Beware of Penny Auction Sites

For the past few years Penny Auction sites have become relatively popular. You may have seen advertisements for them on websites through Google ads, or even commercials on television. In most cases they claim you can get merchandise at a fraction of the MSRP price. I won’t tell you whether or not you should participate on any of these sites, but I do want to make sure you understand how they work so that you are not misled or left disappointed.

Note: We’ve hidden the names of the bidders in the images.

How they work

Penny Auctions may vary from site to site, but the general idea is as follows. You sign up on a website and purchase “bids” which can be used in the auctions. The price of a bid varies depending on the website, but is usually somewhere between $0.50 – $1.00. When an auction starts, the purchase price of the item starts at $0.00. Users place a bid on an item they would like to win. When they do, a countdown clock begins. If someone else places a bid, then the clock restarts and the purchase price increases by a nominal amount. However, if nobody else bids on the item before time is up, the last person to bid wins the item. The winner must pay the final purchase price in order to “win” the item in the auction.

Let’s look at an example

For the following example, we decided to watch a penny auction for a Kodak PlaySport waterproof camera on the site BidHere. Below is a screenshot of the auction after it ended. We’ve added a few notes in blue.

#1 – As you can see in the image, the purchase price increases by $0.01 for every bid. The timer resets every 15 seconds providing someone has placed a bid.

#2 – This particular auction ended with the winner placing 76 bids in total

#3 – The statistic which claims the winner saved 98% off the MSRP.

Analysis – The House

First let’s break down how the house makes money. If the purchase price starts at $0.00 and increases by $0.01 for every bid placed, that means that there were 326 bids made in total. On this particular site, bids cost $0.70 each. Therefore:

326 bids x $0.70 = $228.20

Therefore the house made $228.20 on a product which is supposed to retail for $179.00. Let’s not forget that they purchased the merchandise at a lower price than what they sell it for, so I’d say they did pretty well for themselves. There may be times when the house loses money on an item, but more often than not, they are making good money. It is not uncommon for the house to make 2 times the MSRP on popular items.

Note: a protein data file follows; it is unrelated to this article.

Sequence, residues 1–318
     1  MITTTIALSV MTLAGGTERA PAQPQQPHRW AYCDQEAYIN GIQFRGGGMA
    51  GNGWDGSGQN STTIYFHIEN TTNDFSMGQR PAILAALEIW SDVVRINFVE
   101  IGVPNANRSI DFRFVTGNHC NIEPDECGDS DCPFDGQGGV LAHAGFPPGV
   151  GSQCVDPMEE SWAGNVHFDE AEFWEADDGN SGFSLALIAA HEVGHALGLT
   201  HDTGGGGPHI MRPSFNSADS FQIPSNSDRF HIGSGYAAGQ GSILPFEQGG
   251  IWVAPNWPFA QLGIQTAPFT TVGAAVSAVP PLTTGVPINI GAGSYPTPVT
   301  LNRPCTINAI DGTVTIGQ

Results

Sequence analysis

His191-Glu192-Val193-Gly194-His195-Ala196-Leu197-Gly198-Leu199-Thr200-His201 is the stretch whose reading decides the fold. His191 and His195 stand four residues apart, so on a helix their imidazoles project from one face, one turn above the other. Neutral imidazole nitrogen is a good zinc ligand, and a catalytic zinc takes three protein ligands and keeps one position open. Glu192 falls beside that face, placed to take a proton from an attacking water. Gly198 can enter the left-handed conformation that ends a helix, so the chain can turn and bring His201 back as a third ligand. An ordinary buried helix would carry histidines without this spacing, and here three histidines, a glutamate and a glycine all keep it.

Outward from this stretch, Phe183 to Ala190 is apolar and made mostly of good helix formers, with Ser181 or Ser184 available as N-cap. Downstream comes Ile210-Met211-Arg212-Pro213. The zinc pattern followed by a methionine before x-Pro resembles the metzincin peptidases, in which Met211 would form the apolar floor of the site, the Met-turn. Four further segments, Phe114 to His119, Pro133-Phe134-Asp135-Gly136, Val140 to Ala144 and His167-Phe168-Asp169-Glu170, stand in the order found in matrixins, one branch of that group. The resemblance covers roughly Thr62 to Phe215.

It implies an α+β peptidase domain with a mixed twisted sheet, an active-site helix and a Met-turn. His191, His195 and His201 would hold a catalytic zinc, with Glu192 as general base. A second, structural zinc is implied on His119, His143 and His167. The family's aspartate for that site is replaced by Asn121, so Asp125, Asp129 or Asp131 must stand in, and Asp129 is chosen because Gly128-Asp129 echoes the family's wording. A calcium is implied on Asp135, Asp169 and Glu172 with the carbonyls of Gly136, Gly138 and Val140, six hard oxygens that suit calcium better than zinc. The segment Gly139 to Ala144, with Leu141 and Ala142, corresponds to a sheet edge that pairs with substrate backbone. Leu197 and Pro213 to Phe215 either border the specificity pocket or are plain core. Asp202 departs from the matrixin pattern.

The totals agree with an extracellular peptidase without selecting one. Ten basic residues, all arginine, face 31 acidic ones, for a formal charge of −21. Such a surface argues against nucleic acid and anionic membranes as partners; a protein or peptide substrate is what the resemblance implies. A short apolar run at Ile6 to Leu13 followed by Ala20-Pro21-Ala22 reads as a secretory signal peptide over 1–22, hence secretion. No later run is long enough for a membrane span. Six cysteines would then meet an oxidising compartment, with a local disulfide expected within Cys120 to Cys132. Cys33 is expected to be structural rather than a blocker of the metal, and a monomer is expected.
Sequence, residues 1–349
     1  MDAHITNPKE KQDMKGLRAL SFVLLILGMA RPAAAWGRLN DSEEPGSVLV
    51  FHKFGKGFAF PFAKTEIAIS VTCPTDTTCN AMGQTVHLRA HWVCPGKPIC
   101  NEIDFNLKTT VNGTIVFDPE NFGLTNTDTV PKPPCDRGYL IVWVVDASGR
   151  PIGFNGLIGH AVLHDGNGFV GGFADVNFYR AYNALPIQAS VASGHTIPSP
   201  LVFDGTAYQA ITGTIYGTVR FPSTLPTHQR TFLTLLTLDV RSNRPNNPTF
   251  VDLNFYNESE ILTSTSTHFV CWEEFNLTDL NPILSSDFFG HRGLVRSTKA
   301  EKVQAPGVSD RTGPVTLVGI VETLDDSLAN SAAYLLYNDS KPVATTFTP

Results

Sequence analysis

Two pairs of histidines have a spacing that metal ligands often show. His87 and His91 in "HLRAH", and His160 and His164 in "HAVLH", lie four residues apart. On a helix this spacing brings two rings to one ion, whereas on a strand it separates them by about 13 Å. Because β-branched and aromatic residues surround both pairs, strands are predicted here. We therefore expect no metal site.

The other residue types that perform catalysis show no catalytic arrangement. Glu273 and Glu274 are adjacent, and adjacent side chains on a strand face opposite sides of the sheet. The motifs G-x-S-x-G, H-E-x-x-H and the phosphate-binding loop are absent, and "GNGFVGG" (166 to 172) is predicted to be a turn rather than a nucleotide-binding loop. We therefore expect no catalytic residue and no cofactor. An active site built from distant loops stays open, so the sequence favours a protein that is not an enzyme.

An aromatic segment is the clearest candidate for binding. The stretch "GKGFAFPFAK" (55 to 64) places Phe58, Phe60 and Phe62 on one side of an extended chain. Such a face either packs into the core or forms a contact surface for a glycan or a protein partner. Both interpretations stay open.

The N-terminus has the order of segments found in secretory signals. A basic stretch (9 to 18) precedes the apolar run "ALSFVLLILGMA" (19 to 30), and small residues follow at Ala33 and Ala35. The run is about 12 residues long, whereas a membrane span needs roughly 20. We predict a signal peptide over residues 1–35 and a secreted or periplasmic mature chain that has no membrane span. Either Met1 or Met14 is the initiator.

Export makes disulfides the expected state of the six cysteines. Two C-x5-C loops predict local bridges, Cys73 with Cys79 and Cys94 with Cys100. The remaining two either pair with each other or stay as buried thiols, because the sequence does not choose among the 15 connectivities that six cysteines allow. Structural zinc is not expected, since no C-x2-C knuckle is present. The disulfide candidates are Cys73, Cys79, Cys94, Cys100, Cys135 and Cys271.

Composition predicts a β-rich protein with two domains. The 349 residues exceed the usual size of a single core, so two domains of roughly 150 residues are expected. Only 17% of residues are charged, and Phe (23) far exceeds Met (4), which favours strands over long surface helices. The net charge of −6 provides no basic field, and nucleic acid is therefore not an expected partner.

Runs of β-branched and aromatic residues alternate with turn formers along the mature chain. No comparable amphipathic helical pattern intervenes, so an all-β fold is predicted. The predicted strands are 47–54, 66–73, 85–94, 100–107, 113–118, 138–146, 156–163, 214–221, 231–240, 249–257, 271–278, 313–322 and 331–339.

Analysis – The bidders

There are two types of bidders: The person who wins the item, and those who do not.

The Winner

As we can see in the reference image (#2), the winner bid 76 times.

76 bids x $0.70 = $53.20

Therefore the final cost of the item (not including shipping if applicable) was $56.46 ($53.20 for the bids + the $3.26 final purchase price).

Paying $56.46 for a camera which retails for $179.00 is a great deal, but a far cry from the 98% discount advertised. In actuality, the winner saved  69%. Still a good deal, but intentionally misleading.

The Losers

While we can see there are 7 different people listed in the Bid History, it’s not clear how many different people bid on this item over the entire course of the auction. At bare minimum there were 6 other people bidding on the item, but chances are there were many more.

At any rate, the take away here is that while one person may have gotten a great deal on an item, there were many other people who paid money and got nothing in return.

Is it gambling?

While penny auction sites will argue they are not gambling sites, I have to disagree. In a regular auction, whether online or offline, you do not lose any money if someone beats your bid. This is not the case with Penny Auctions as you can lose money and have nothing to show for it. They may offer other incentives such as “credits towards future auctions”, but how is this any different than frequent player rewards at a casino?

One saving grace for Penny Auctions is that on certain auctions, you can put your losing bids towards the price of the item. Using the auction above as an example, if you spend $50 trying to win the item, but are unsuccessful, you can pay an additional $129 to buy the camera ($50 + $129 = MSRP of $179). Please be cautious however as this option is not available on all sites or auctions. Do your research before getting involved.

I thought I would also mention that the Better Business Bureau named Penny Auctions as one the Top Sales Scam of 2011.

Sales scams are as old as humanity, but the Internet has introduced a whole new way to rip people off. Penny auctions are very popular because it seems like you can get something useful – cameras, computers, etc. – for way below retail. But you pay a small fee for each bid (usually 50₵ to $1.00) and if you aren’t the winner, you lose that bid money. Winners often are not even the top bidder, just the last bidder when time runs out. Although not all penny auction sites are scams, some are being investigated as online gambling. BBB recommends you treat them the same way you would legal gambling in a casino – know exactly how the bidding works, set a limit for yourself, and be prepared to walk away before you go over that limit. – BBB 

The Verdict

While most Penny Auctions appear to be legitimate and not a scam, they are intentionally misleading in order to gain more customers. If you are looking for some entertainment in which you might win some merchandise, then feel free to dive in. If you go in expecting it to be easy, or expecting to be able to purchase an item at a discounted price, you will most likely be disappointed.

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